Michael Rachlis MD

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User fees are zombies

9 March 2013, 4:51 AM

I had a letter in Friday’s Globe (http://www.theglobeandmail.com/commentary/letters/march-8-canadas-own-stompin-tom-and-other-letters-to-the-editor/article9481641/ — you have to scroll down to find it.) in response to Jeffrey Simpson’s somewhat pathetic column on user fees on Wednesday (http://www.theglobeandmail.com/commentary/patient-user-fees-in-canada-hot-potato/article9317535/). Simpson is more than mischievous as he regurgitates others’ arguments for user fees.

In particular he quotes from a recent paper by Janice MacKinnon, former Saskatchewan NDP finance minister http://www.theglobeandmail.com/commentary/patient-user-fees-in-canada-hot-potato/article9317535/. MacKinnon recommends charging people for their health care use through the tax system. This would provide less deterrence than charging patients directly and would have more impact on the rich than the poor. Still, if we wish to raise more money for the system why not raise taxes on all high earners? Why would we only tax the rich who get sick?

At the University of Toronto with the Globe's Jeffrey Simpson

9 February 2013, 3:50 PM

I was on a panel at Hart House University of Toronto on Thursday February 7th with the Globe and Mail’s National Columnist Jeffrey Simpson — the topic was the sustainability of the Ontario health care system. My slide presentation available at the Publications page, concludes that health care spending is not “wildly out of control” and we need very little new money to ensure we hardly wait at all for needed health care. You can also find a picture at the publications page.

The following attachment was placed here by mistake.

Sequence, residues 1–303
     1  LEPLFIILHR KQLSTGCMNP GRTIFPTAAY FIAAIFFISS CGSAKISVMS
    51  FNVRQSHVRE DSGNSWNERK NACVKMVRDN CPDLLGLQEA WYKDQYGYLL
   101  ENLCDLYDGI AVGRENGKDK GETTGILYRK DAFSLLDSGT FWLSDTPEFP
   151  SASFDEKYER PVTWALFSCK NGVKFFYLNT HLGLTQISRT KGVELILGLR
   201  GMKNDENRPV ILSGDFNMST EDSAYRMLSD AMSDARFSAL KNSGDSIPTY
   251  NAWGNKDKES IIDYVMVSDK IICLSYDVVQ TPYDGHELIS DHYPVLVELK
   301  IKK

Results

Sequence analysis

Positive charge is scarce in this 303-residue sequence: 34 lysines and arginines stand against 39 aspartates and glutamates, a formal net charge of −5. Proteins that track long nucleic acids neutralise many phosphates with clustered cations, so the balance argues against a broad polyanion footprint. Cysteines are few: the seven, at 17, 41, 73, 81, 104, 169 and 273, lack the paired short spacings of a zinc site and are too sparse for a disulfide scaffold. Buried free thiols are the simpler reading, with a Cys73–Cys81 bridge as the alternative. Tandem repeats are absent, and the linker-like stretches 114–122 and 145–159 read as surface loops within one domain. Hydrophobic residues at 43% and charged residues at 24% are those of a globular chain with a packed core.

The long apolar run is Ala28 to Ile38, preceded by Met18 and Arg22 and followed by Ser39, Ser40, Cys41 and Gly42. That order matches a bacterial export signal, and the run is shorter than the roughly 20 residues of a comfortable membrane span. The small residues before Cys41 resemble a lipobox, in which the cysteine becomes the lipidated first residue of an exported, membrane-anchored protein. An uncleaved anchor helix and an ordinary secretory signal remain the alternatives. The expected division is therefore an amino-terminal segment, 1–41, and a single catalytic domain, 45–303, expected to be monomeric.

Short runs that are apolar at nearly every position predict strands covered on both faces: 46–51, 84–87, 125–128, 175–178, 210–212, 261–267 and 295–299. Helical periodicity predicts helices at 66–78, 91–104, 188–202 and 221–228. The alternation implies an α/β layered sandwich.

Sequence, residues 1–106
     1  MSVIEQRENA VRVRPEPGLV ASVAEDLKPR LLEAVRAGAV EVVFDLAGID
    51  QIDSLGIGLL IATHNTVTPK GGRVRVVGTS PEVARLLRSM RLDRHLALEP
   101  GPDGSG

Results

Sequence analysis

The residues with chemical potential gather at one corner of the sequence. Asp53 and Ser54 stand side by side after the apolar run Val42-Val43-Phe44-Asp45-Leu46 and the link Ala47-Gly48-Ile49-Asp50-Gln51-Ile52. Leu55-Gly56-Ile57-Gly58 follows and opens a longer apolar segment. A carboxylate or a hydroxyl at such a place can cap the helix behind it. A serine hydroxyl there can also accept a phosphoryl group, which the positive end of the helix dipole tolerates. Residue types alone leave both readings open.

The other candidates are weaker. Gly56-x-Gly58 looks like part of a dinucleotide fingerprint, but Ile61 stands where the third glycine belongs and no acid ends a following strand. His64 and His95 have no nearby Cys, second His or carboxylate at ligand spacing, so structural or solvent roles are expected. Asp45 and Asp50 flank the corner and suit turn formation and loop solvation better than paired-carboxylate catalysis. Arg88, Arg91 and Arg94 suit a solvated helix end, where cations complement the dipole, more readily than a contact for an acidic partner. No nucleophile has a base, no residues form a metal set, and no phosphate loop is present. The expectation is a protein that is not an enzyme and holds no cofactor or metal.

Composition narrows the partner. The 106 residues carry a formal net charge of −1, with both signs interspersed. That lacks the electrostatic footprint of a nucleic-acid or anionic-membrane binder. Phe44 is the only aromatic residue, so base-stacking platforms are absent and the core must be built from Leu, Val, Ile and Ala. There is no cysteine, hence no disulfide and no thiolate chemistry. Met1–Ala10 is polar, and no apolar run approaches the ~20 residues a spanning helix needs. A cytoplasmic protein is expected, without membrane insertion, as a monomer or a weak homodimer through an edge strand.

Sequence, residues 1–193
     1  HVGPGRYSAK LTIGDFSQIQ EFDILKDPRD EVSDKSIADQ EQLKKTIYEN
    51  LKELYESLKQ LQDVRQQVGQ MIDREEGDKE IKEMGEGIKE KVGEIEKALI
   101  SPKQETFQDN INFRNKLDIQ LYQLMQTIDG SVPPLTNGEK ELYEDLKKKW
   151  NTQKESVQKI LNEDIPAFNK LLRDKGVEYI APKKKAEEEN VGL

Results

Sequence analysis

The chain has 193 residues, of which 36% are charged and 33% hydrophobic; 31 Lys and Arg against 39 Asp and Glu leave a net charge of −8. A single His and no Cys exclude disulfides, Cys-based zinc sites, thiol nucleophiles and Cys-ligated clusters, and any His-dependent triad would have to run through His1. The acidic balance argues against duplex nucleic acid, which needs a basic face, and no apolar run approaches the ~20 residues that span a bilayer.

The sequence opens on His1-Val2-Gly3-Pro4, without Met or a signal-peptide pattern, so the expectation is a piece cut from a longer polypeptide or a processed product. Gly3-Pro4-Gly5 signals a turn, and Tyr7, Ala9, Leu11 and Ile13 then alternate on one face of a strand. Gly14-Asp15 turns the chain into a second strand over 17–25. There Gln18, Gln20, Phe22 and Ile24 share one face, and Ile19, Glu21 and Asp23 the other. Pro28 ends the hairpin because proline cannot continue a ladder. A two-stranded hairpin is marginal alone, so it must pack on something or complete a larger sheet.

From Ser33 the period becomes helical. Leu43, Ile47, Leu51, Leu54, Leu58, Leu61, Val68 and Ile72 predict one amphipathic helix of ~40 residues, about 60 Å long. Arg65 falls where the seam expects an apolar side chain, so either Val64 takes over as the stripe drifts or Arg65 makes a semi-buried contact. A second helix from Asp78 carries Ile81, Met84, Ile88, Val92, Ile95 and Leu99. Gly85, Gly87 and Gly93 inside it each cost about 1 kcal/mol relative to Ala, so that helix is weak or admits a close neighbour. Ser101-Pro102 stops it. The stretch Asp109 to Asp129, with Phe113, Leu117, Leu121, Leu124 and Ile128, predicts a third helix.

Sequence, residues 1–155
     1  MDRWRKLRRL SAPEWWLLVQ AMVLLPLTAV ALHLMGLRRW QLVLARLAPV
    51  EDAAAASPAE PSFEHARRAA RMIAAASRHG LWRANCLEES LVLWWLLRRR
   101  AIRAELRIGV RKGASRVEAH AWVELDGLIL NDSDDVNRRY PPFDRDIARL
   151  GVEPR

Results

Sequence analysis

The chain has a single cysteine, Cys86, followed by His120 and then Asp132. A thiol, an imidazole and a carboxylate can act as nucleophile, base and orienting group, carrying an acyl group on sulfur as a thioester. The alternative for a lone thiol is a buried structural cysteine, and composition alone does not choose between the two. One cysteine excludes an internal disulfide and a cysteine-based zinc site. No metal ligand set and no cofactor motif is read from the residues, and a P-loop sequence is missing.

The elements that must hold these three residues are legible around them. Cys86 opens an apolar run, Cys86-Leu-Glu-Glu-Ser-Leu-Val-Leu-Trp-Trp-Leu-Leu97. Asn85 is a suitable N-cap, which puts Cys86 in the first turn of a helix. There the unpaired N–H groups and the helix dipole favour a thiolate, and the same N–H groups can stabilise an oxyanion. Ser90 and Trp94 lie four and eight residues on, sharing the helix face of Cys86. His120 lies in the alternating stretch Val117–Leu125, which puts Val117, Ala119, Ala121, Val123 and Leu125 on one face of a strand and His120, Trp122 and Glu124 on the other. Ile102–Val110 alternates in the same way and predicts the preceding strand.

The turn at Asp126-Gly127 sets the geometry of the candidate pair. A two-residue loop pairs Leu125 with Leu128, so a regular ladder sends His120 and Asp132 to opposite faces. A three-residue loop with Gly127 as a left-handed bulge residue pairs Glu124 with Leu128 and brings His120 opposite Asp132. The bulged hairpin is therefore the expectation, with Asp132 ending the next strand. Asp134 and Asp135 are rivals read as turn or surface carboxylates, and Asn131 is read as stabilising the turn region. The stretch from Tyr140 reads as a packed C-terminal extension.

Mr. Simpson’s new book Condition Critical outlines the problems with our health system — long waits, mediocre quality, relatively high costs. His main recommendation is more for profit competition within our public financed system.

In general, Simpson toes pretty close to the conventional centre/right line:

      *     Health Care costs are wildly out of control

      *     The baby boomers will really deep six Medicare
      *     The only alternatives are to either cut real services or use more private care and finance
      *     We need an “adult conversation” to reduce our expectations and make us see the need for private involvement

Even when confronted with examples of how we could eliminate waits for care — patient co-production, high functioning teams, shared care with specialized services — Mr. Simpson doesn’t believe these really could be the norm. He doesn’t think providers, especially doctors will change the way they do their work.

I understand Mr. Simpson’s skepticism. We’ve known about these innovations for a long time. Change is hard anywhere at anytime. But, it’s been really hard to change Canada’s health care delivery system. But, I like to think that Canada could have a world class health care system if we wanted one.